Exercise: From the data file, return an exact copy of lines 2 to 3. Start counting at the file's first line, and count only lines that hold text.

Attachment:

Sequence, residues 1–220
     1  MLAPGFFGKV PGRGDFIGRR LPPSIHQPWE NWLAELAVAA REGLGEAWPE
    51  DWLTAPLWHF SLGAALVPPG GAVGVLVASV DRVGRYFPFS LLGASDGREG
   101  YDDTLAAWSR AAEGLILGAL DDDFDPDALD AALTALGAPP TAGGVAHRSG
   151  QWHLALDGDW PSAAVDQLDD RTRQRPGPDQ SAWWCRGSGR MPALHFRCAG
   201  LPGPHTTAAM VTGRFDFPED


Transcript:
     1  MLAPGFFGKV PGRGDFIGRR LPPSIHQPWE NWLAELAVAA REGLGEAWPE
    51  DWLTAPLWHF SLGAALVPPG GAVGVLVASV DRVGRYFPFS LLGASDGREG